The momentum of development: Tal-Suetin, Tiflis 1969

Position after 13.bxc3

Position after 17.f5! (compare White's development vs Black's development!)

Position after the short final sequence 21.exf7+. Black has been taken down in the centre! 


On the above replayer you can go through all the moves of the above three games. Note that you can maximise the board, or click on the round arrow icon below the board to "flip" it for the Capablanca game. And clicking the fan icon will start the built-in engine, which can be used to answer any "why not" and "what if" questions that arise.

I hope to have given you good examples with the article and the games shown in it to underline the relevance of studying the classics! I look forward to feedback!

I am a biological-technical assistant by profession, which is why I am deeply interested in natural sciences, apart from chess and writing articles on various topics. I hope that you like my articles and I look forward to feedback, both positive and constructive negative!
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Avoid Knightmares Avoid Knightmares 3/4/2021 11:43
During the recent Tata event I wondered if the young participants saw value in studying Morphy, Lasker, etc.
lajosarpad lajosarpad 3/2/2021 10:45
Interesting article. In principle the idea of showing what's going on with arrows is a good one, however, I think it needs refining, because in positions where a lot is going on and there are many graphical elements, one can not see the forest for the trees.
WillScarlett WillScarlett 3/1/2021 03:31
Mattis Trätmar writes, "Wolgang Pajeken always used to say that a certain amount of 'chess culture' should not be missing if one wanted to become better at chess."
Many other other credible players have maintained this notion: "If you want to reach the heights, you should study the entire history of chess. I can't give any clear logical explanation for it, but I think it is absolutely essential to soak up the whole of chess history." -- Vladimir Kramnik .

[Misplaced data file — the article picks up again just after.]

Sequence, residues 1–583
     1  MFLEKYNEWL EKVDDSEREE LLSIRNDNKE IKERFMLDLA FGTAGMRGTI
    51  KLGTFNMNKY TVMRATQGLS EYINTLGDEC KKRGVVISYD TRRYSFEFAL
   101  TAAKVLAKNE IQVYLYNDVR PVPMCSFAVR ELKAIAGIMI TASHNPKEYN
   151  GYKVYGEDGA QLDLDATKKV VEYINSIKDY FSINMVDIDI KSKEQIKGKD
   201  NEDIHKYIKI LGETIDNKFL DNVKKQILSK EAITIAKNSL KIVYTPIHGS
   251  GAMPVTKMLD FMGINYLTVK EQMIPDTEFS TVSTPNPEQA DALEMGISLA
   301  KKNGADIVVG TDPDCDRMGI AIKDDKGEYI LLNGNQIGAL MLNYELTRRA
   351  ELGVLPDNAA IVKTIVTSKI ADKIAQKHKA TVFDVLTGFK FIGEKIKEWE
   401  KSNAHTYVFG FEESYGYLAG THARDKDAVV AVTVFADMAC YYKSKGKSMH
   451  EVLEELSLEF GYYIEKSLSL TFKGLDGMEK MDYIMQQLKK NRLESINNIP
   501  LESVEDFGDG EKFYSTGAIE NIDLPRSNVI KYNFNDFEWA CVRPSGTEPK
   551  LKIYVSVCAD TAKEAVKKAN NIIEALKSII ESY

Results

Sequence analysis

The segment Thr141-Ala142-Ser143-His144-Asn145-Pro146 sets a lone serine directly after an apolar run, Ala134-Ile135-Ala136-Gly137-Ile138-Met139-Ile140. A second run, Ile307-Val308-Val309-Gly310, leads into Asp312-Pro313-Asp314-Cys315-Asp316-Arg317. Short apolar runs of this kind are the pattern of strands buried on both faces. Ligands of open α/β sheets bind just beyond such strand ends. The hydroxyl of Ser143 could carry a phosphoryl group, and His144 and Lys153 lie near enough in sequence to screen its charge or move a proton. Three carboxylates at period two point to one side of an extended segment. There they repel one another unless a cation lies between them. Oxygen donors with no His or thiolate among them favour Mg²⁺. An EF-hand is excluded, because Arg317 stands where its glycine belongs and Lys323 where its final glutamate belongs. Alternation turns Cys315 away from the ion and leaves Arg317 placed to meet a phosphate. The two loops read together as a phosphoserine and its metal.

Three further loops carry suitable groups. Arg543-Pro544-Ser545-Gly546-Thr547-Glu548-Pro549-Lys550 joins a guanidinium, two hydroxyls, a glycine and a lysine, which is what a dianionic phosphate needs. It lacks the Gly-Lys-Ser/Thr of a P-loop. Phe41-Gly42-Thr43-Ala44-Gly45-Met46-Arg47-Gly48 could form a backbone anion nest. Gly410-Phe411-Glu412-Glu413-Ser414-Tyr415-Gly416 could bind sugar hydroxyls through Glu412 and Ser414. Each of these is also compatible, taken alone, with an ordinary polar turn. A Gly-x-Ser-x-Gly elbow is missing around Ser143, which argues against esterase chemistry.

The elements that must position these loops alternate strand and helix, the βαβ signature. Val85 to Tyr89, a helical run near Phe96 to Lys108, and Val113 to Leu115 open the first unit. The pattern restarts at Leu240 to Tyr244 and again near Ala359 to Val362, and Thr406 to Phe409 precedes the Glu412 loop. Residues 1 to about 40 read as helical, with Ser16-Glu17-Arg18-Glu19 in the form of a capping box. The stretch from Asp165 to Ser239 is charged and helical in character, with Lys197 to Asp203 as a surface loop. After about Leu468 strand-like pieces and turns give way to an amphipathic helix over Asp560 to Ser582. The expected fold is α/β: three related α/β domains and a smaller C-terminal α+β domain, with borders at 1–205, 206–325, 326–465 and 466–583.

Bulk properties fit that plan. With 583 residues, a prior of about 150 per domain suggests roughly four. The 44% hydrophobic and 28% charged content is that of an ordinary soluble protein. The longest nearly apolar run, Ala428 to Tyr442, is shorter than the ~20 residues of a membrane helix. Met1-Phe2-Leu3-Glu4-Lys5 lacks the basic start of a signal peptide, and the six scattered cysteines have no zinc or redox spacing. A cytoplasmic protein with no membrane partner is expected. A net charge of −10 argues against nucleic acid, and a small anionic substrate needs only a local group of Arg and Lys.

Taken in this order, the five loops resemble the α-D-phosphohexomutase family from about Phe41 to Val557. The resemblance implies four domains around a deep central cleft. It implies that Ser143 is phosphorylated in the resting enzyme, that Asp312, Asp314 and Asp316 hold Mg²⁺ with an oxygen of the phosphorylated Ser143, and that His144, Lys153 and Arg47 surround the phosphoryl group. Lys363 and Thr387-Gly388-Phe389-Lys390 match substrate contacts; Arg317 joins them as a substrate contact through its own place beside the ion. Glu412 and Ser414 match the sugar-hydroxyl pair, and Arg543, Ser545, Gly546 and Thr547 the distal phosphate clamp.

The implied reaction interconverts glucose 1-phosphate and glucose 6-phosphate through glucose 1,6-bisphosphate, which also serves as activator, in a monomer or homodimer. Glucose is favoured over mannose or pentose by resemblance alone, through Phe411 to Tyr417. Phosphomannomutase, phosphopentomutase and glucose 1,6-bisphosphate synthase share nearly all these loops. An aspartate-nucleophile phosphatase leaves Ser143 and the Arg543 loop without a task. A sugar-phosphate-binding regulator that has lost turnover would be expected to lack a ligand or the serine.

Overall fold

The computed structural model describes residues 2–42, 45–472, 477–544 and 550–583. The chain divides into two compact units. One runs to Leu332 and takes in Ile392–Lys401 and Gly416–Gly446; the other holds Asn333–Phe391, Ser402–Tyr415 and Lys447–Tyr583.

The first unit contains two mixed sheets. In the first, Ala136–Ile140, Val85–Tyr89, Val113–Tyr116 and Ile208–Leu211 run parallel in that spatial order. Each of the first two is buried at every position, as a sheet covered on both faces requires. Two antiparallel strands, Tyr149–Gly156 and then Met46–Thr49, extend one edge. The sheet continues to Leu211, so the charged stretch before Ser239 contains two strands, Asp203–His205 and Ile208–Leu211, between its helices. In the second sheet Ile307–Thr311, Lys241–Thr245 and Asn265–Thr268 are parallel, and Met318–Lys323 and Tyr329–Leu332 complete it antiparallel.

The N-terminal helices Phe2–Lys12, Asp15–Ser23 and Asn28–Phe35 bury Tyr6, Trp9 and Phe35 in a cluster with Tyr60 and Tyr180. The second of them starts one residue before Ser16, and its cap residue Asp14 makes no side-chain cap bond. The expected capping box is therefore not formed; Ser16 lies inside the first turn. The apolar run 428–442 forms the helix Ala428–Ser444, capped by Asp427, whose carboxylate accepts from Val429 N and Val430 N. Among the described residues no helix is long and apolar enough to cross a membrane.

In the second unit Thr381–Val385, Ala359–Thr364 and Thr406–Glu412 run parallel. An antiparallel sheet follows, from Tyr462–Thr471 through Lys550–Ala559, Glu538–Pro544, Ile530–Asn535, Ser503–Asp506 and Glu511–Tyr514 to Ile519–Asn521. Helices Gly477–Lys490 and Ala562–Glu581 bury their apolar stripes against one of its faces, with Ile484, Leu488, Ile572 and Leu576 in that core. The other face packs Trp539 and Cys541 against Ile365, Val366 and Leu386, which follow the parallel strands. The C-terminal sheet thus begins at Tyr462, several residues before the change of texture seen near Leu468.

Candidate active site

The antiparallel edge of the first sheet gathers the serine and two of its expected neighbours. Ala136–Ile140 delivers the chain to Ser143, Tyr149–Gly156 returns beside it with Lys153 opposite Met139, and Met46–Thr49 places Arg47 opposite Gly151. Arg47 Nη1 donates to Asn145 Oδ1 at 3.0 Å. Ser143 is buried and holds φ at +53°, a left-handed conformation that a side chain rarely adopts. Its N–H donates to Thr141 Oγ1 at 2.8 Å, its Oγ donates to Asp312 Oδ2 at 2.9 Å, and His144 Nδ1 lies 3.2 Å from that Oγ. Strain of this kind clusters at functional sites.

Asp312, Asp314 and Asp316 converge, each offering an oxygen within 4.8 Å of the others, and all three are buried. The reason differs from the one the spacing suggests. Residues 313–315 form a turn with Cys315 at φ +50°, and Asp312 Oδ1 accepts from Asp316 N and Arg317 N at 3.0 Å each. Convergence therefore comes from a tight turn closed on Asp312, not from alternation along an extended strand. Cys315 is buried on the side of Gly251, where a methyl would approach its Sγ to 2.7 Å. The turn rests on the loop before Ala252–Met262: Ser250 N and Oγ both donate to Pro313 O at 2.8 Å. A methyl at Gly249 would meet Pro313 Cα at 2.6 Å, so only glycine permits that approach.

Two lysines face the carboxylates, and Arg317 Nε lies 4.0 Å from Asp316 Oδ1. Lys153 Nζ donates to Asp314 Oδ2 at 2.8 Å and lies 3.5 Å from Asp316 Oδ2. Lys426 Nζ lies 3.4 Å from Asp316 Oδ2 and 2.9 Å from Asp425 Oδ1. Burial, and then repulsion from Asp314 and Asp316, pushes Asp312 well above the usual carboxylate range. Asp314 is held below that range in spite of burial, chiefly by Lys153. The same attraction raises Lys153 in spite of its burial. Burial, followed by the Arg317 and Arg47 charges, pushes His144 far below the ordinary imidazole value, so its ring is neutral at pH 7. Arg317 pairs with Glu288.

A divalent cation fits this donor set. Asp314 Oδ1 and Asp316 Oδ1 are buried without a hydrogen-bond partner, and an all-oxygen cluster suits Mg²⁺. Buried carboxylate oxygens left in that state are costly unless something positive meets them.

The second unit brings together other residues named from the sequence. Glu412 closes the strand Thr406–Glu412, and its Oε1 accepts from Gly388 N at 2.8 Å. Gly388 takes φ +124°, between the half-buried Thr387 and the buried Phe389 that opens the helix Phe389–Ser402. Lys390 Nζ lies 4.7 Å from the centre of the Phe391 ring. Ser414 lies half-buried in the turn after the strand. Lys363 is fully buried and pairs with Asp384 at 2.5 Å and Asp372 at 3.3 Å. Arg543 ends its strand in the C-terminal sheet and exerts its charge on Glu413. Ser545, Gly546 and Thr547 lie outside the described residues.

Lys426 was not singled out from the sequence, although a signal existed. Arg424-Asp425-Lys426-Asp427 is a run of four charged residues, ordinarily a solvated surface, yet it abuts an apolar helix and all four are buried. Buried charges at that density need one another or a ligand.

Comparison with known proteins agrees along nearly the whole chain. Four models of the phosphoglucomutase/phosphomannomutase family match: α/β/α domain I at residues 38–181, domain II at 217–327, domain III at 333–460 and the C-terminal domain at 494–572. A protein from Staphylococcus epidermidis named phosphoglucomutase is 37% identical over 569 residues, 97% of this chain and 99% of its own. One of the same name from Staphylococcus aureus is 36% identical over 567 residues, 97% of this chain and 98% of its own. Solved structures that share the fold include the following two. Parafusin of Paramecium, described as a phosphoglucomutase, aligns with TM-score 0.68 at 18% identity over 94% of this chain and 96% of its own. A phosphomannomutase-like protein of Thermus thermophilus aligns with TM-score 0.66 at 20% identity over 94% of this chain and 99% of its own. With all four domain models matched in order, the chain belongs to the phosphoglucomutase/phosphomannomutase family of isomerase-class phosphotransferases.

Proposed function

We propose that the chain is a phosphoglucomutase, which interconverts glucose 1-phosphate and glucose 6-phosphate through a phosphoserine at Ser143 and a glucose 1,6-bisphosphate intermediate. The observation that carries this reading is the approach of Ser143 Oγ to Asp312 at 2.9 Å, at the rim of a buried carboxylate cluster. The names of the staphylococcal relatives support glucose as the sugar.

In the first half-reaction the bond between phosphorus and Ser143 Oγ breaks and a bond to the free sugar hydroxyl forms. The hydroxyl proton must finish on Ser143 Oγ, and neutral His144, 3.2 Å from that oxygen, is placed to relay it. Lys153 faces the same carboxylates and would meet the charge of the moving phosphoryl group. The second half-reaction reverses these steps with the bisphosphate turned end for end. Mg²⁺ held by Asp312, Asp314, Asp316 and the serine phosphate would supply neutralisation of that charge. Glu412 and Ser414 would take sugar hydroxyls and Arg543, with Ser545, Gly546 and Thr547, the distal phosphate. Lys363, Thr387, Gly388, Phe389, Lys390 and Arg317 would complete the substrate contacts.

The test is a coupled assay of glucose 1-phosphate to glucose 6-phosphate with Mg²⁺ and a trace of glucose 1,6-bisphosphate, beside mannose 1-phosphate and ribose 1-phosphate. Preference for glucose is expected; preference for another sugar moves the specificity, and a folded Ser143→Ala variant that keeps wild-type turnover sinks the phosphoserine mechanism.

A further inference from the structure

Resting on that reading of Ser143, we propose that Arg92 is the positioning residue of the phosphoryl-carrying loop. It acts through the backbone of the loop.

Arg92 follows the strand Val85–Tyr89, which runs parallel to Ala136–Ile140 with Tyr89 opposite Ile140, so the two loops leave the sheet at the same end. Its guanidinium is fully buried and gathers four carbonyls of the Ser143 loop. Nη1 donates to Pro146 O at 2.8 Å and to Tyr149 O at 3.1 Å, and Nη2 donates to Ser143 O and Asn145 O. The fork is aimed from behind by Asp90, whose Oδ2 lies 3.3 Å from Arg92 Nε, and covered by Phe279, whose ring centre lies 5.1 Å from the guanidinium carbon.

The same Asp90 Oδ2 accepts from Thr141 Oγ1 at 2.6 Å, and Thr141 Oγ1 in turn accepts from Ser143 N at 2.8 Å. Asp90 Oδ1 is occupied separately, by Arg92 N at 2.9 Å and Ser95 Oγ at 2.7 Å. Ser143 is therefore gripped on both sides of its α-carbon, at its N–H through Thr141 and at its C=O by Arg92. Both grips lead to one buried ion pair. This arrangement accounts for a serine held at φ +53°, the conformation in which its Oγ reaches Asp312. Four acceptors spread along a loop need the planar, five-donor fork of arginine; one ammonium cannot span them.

Perhaps that kind of thinking might contribute to defeating Kasparov in a world championship match ?
Did it lead, among many results, to the resuscitation of the Berlin Defense? Let's ask Vlad.
Leaving aside training and probable improvement, delving into the rich mine of chess history, discerning evolutionary developments, and examining classical games will usually provide immeasurable aesthetic pleasure.
I am compelled to recommend a new work by Willy Hendriks - "On the Origin of Good Moves". It is a revolutionary
manifesto that chess players who already have at least a passing familiarity with chess history and the classics will be surprised and even shaken by. Hendriks looks deeper and more acutely at the difference between the Lasker-Reti-Euwe version of chess evolution, and what really happened. Or so he, and now I, is convinced. Great games, too !
brabo_hf brabo_hf 3/1/2021 02:41
As you look forward to feedback, I think you won't mind that I refer to one of my most recent blog-articles: in which I explain that modern training is very often done without studying any classics at all.
Frederic Frederic 3/1/2021 11:51
Welcome to our news page team, Mattis! I think your idea of visualising tactical and strategic correlations in positions is very interesting. Verbose text commentary ("Moving the queen to b3 attacks the undefended black b7 pawn while at the same time pinning the knight on d5 which is preventing Qxf7 mate") can be replaced or enhanced by drawing a few arrows and highlighted squares. The advantage is you can see it all at a glance. Look at the analysis position in the Tal-Suetin game, that ends with 18.Nb5. How many words would one need to describe what is immediately clear in the diagram. It should be used more often in commentary. Loved your article.